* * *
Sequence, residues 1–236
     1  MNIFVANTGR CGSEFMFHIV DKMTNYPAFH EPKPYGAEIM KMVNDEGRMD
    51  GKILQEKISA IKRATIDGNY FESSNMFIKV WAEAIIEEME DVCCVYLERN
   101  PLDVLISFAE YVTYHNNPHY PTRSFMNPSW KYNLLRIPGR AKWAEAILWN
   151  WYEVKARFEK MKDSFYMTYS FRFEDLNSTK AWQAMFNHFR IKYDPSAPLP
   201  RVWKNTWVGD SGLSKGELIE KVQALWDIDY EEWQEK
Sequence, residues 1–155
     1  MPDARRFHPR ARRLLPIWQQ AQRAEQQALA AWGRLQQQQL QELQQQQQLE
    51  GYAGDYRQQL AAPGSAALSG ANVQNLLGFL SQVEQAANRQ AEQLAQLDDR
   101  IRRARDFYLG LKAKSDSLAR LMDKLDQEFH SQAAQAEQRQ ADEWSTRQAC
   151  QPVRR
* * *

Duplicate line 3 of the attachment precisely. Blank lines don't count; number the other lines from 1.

    51  GKILQEKISA IKRATIDGNY FESSNMFIKV WAEAIIEEME DVCCVYLERN